Inspection planning is a continuous process that involves the collective knowledge of inspection, subject matter experts, maintenance and operations. Once the inspector knows what damage mechanisms may occur and how to detect and monitor the extent of damage, planning for inspection is required. Usually, assistance is required from maintenance and/or operations to prepare the equipment for inspection, provide scaffolding and other means for the inspector to examine difficult- to-reach locations and provide other assistance so that the equipment can be safely inspected. NDE contractors, especially those using special NDE techniques, often must be scheduled in advance. Inspections and examinations that can be performed while the equipment is in service should be completed prior to shutdowns.
No matter how extensive shutdown planning is, the possibility exists that something will be found during shutdown inspections that requires additional examinations and repairs. Contingency planning for such occurrences should be part of the shutdown plans.
Perhaps the highest equipment life cycle costs are the expenses of preparing equipment for intrusive inspections; the actual inspection and examination expenses are usually much less, especially for large storage tanks and vessels.When tank or vessel entry is required, it is prudent to do additional inspections and examinations if some future intrusive entry can be avoided.
Conduct the inspections, tests & examinations
Inspections, tests and examinations are usually started at the first opportunity, even if the inspection planning stage has not been completed. Consideration should be given to measuring base-lined thickness and using appropriate surface flaw detection techniques prior to placing the equipment into operation. Obtaining these results prior to service provides the most reliable methods to detect and confirm excessive corrosion, erosion or stress cracking at the next inspection or examinations.
During shutdowns, schedules usually allow little time for inspectors to conduct additional examinations beyond what was originally planned or to evaluate the inspection and examination results.Non-intrusive examination methods should be used while the equipment is in service whenever practical. Sometimes, equipment has to be opened up for cleaning or repairs prior to a planned inspection. It is often advisable to conduct intrusive inspections at such times, especially if intrusive inspections can be avoided during a scheduled shutdown.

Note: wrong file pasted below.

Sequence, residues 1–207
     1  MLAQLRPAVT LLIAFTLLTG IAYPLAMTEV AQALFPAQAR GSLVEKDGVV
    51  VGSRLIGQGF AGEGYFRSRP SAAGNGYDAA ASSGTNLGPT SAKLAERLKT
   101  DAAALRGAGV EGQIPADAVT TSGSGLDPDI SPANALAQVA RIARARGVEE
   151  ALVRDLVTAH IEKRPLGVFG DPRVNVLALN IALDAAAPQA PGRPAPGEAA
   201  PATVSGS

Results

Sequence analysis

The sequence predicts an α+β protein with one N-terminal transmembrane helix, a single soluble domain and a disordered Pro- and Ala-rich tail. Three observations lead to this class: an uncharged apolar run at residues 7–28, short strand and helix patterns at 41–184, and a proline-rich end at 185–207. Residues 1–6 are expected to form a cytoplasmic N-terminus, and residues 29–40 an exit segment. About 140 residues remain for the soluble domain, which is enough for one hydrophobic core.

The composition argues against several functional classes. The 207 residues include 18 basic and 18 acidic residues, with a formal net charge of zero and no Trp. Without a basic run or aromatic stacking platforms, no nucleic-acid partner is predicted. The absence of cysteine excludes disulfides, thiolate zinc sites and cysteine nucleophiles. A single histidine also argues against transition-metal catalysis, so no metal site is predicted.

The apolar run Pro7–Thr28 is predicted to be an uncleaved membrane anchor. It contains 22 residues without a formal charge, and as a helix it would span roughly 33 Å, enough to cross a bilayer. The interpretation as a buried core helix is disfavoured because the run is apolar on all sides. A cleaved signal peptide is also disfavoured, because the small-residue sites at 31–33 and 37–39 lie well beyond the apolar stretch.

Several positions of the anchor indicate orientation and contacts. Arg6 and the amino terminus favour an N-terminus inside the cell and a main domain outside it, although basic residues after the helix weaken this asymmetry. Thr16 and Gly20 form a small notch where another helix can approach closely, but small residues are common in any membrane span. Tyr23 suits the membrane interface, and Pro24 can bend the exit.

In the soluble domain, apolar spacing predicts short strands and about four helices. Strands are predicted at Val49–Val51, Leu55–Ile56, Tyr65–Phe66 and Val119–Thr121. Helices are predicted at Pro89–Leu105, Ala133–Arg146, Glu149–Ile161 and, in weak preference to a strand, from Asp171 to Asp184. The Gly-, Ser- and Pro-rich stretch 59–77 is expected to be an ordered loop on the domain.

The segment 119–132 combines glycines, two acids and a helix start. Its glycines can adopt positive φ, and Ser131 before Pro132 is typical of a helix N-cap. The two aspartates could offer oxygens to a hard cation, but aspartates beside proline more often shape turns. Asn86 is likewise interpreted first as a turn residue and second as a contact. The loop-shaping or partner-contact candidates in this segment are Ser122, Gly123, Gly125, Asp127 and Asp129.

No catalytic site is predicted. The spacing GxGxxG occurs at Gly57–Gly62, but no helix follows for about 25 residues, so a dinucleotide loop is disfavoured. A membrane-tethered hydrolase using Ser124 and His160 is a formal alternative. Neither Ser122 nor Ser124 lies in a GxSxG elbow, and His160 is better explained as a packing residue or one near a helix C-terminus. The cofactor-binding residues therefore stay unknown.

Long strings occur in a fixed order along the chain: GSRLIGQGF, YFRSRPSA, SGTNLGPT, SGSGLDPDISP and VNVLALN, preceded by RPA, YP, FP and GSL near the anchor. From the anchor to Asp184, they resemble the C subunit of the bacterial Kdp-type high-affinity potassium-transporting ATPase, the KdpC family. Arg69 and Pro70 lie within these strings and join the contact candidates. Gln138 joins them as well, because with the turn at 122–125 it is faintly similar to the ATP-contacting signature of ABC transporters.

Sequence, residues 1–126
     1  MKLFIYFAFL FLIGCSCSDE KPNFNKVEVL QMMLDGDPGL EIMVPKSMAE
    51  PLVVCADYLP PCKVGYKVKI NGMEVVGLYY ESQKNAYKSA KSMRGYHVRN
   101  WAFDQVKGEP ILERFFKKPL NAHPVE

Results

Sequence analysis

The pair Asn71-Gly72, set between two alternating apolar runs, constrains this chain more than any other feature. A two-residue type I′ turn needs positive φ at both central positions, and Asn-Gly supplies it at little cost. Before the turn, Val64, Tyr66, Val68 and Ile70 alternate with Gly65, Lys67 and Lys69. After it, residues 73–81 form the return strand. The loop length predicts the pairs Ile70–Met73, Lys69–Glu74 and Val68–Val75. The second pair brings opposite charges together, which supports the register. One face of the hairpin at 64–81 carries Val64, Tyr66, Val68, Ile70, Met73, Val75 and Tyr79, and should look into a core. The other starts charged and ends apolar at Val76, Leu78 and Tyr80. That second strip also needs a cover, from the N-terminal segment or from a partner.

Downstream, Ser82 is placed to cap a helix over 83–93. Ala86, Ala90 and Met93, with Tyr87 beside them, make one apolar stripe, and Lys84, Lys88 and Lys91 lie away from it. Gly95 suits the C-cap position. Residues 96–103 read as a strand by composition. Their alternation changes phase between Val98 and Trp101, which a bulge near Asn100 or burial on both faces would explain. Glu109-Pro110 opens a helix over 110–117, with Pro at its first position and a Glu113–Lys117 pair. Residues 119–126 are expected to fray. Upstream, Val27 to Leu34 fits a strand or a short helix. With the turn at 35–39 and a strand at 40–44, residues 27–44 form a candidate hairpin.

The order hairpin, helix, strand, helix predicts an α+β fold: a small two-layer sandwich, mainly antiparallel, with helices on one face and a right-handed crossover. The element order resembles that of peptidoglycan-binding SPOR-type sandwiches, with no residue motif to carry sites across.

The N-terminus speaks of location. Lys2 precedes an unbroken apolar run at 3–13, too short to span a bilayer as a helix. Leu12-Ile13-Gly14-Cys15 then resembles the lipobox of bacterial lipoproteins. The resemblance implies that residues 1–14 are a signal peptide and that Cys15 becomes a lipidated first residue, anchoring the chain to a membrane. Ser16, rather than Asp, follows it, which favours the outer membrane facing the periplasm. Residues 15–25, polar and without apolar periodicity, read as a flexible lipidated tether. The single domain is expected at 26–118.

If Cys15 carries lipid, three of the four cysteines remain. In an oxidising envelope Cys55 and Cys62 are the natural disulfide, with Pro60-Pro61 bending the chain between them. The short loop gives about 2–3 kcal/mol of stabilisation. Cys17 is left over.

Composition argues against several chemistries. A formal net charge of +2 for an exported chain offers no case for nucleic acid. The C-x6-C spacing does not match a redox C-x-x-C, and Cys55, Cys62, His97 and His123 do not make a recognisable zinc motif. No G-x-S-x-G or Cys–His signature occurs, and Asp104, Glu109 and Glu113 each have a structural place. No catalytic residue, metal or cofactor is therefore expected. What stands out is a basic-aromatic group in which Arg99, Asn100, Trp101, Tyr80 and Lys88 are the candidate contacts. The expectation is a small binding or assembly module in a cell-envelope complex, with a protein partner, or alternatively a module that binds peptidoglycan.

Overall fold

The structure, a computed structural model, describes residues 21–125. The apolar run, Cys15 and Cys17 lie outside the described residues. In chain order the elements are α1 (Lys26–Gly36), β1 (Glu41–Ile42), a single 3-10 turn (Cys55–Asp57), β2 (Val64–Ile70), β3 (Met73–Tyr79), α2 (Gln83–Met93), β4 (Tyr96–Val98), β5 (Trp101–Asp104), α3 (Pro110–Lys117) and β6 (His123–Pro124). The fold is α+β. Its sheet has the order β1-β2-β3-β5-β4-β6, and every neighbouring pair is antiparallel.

Inspectors and examiners should always receive the budget and support necessary to conduct inspections and examinations of highrisk equipment. It should be recognized that during shutdowns and other maintenance activities, suitable inspections are of equal importance to equipment repairs, cleaning and other maintenance. The time and actions necessary for appropriate equipment inspection should be defined by the inspection organization and not by maintenance or operations.
Evaluate inspection, test and examination results
Perhaps the most neglected action in the inspection process is failure to adequately review the inspection results.Too often, plants depend on the guidance provided by inspection-thickness-data computer programs to judge the suitability of equipment for continued service. As discussed previously, these programs only provide a limited assessment of mechanical integrity,but even more troubling, they fail to adequately highlight many significant problem areas. All inspection data and results should be examined and reviewed by inspectors and appropriate subject matter experts.
A suitable engineering analysis of the inspection results determines the equipment’s present and future mechanical integrity. The analysis should quantify degradation trends, locations and rates. When degradation is a concern, the analysis also should develop a plan to better define those service conditions that are causing the damage and how to monitor future degradation.
During shutdowns, the time and effort required to inspect equipment frequently does not allow time for detailed analysis of most equipment. Equipment considered to be critical or where extensive damage was found should receive at least a Fitness-for-Service, Level 1 (API 579) assessment prior to preparing it for start-up.During the shutdown planning phase, specialized NDE firms, equipment assessment engineers and outside subject area experts should be put on notice that their services might be required during the shutdown. The evaluation must not only determine the equipment’s present and future status, but also directly and indirectly measure the engineering, operating and maintenance practices that affect suitable equipment integrity.
Reports and documents Reports should always be written and filed in the equipment files.When significant damage is noted that might affect the continued equipment operations, the owner/operator should be immediately notified verbally. The reports should be in a form that accurately and unequivocally conveys an equipment condition to operations, but in sufficient detail for a through analysis by subject matter experts in the future. The owner/operator must have a clear understanding from the reports and plant inspection practices of what was and what was not inspected, examined or tested.Where appropriate, the reports should indicate those damage mechanisms that could have been missed by special inspection and examination techniques used. Furthermore, it often is necessary to brief operations on the limitations of inspection and examinations techniques used.